Sir MacKenzie Bowell went on to be elected to the House of Commons in 1867, as a Conservative for the riding of North Hastings, Ontario, while also becoming the Grand Master of the Orange Order of British North America from 1870-1878. Bowell became a Member of the Senate in 1892 and became Leader of the Government in the Senate on October 31st, 1893. On the sudden death of Prime Minister Sir John Thompson, Bowell as the most senior Cabinet Minister was appointed Prime Minister by the Governor General and served from 1894 – 1896, the second of just two Canadian Prime Ministers to hold that office while a Member of the Senate, rather than the House of Commons. (The first was John Abbot).

The Fire of 1876 and the Rebuilding of the Lodge

In 1876 when St. Thomas Church burned, the Lodge was extensively damaged. During the rebuilding, extra land was purchased on the west of the property to add to the building. The Lodge was rebuilt in the same plan, with such details as the stepped brickwork emphasizing the lines of the brickwork being added. The west addition of 1876 was built using the same brickwork pattern, but with varied details on the windows and in the roof height. The bricked-up opening at the south side of the west addition apparently formed a doorway to the Lodge. The Orange Lodge was foreclosed in 1881 and moved to another location.

Dr. Ackerill and his family then used the whole house changing it to three storeys. The front retained the original aspect except that on the East Side the large Gothic arched window of the two-storey high Lodge Room was partly filled in.

Dr Ackerill’s son Daniel Henry graduated from the Ontario Veterinary College in 1879 and practiced from Oshawa to Brockville. He was also veterinarian for the farm at the Ontario School for the Deaf in Belleville. His horse and cattle remedies “Ackerill’s All-Round Liniment” and Ackerill’s Powders” had a high reputation and were sold by druggists and blacksmiths everywhere.

Bridge St E. Looking East

Bridge St E. Looking East from John St. c.1921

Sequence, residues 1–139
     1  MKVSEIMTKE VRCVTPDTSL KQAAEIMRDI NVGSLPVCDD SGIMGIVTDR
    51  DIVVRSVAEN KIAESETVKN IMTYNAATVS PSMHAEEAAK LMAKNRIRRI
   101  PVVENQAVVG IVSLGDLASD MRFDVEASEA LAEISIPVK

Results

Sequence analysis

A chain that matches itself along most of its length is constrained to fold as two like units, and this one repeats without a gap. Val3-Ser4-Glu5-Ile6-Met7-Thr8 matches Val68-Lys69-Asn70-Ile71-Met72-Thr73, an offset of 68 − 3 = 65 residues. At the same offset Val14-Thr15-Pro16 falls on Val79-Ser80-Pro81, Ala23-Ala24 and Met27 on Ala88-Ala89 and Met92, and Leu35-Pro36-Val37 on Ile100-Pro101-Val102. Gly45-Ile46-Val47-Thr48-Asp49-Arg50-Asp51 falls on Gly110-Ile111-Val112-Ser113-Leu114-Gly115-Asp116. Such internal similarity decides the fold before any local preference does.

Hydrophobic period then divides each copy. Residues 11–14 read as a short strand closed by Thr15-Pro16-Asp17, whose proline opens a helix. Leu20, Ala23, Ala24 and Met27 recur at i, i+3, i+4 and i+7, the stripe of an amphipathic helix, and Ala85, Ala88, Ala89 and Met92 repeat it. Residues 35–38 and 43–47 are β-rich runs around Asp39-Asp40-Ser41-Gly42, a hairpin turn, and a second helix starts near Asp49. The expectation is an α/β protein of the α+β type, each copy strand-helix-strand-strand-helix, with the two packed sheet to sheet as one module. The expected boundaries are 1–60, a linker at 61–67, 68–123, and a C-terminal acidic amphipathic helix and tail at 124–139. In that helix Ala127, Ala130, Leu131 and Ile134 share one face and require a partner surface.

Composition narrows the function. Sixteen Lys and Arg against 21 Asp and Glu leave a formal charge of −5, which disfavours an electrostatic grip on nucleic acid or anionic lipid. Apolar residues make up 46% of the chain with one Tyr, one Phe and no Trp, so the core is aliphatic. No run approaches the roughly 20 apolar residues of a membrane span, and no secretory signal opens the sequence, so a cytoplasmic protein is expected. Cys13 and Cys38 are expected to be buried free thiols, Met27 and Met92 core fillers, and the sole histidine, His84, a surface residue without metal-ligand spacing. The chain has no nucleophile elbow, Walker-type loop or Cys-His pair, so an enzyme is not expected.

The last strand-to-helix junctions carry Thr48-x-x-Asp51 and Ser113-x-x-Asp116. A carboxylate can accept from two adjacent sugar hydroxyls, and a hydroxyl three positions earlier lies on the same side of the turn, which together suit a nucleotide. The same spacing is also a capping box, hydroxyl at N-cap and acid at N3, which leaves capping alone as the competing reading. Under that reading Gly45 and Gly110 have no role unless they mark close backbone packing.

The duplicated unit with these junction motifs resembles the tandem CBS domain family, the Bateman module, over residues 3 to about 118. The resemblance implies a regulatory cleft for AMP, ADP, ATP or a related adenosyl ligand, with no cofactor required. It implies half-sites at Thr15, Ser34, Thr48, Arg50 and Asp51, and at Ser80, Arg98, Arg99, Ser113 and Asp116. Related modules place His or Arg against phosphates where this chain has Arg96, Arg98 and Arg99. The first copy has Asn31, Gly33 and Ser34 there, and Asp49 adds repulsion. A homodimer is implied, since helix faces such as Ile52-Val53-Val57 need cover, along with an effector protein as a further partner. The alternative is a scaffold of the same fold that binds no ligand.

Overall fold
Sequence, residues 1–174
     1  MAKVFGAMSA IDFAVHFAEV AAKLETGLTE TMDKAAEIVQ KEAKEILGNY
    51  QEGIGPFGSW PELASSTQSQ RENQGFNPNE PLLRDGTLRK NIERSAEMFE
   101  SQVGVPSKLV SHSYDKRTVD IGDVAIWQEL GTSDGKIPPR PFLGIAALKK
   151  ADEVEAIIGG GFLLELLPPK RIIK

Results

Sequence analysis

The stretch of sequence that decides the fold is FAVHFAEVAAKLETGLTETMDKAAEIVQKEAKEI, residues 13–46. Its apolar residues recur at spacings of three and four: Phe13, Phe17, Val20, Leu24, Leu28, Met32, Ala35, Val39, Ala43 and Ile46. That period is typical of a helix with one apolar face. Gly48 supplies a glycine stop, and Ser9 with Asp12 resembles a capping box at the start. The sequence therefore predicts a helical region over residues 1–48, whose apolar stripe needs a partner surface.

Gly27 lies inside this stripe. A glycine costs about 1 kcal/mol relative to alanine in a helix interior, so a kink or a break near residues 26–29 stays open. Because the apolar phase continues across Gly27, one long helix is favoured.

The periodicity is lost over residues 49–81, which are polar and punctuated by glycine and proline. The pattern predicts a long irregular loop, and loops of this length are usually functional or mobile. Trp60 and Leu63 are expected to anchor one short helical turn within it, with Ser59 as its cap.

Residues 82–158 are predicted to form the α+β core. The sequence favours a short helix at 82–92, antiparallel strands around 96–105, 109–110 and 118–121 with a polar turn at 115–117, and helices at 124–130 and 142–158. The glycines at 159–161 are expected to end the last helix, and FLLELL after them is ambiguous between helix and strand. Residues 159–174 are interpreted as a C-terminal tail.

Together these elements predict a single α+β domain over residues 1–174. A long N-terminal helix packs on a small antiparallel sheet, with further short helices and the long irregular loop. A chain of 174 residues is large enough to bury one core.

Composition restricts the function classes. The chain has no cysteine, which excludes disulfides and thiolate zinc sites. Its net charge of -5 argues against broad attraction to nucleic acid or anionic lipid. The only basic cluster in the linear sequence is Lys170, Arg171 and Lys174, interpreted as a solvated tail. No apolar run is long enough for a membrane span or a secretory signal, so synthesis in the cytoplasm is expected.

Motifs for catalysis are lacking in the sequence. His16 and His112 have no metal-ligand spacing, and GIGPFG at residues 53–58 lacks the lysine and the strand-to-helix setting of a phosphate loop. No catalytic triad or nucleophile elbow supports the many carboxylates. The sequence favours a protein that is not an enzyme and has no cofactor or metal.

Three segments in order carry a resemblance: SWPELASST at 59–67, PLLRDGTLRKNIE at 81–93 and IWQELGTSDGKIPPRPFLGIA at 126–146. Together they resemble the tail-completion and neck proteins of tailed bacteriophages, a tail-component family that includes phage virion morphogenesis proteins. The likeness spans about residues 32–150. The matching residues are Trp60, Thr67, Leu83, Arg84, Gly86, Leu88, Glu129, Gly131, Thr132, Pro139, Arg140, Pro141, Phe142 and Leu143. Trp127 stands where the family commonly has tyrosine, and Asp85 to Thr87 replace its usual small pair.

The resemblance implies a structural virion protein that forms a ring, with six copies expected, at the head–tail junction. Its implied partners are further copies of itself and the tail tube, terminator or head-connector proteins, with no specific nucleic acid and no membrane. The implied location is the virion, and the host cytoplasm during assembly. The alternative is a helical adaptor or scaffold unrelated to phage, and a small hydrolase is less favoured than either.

Professssional Law and Engineering Offices

The Lodge remained in the Ackerill Family until the mid 1970s when it was purchased by lawyer Don Templeman. Templeman renovated the building, used the 210-212 John St. entrance as the main entrance, and configured it for the law offices of Templeman, Brady, Menninga, Kort and Fairbrother. In the early 1980s when Templeman Brady moved into new offices, the building was occupied by McEwen and Associates, Engineers, Architects and Planners, and Dr. Koebler.

Home of Psychological, Psychotherapy, Social Work and Consulting Services

In November 1986, the Partners of Beckett, Kitcher and Associates a Psychological and Psychotherapy Practice were attracted to the Lodge history, style, and East End location and moved into the west side of the second floor.

The North Side of the lodge

The Lodge, North Side, c. 1987

The Clinical Practice expanded rapidly over the next five years and developed three new companies, Quinte Counselling Services Inc. providing counselling and psychotherapy services; Kitcher Development Consultants Ltd. providing non-profit housing development consulting services, and Beckett Kitcher Consultants Corp. providing management and community development services. In 1990, Beckett, Kitcher Consultants Corp bought the Lodge and the combined Clinical Practices expanded into the Lodge second-floor, while the first-floor space was rented out to other professionals. Over the 1990s the Practice expanded to fill the entire Lodge including a renovated third floor to create additional office and meeting space.

In December 2004, the Practice was reorganized as the Qxplore Group with Quinte Assessment and Treatment Group Inc. as the specialized assessment and treatment practice; Quinte Counselling Services Inc. as the Psychotherapy practice, and Qxplore Inc. as the management consulting practice.

The Lodge now includes 15 Professional offices and a Board room and is the home office of the Qxplore Group – Qxplore Inc., Quinte Assessment and Treatment Group Inc. Quinte Counselling Services Inc. and Kitcher Development Consultants Ltd. which provide clinical and consulting services across Ontario.

The Lodge History

  • Qxplore Inc.
  • Quinte Assessment and Treatment Group Inc.
  • Quinte Counselling Services Inc.
  • Kitcher Development Consultants Ltd.
  • Quinte Decompression and Pain Clinic
  • 208 John St., Belleville, ON K8N 3G1
  • Phone 613-966-4262
  • Fax 613-966-4265
  • reception@qxplore.com
  • www.qxplore.com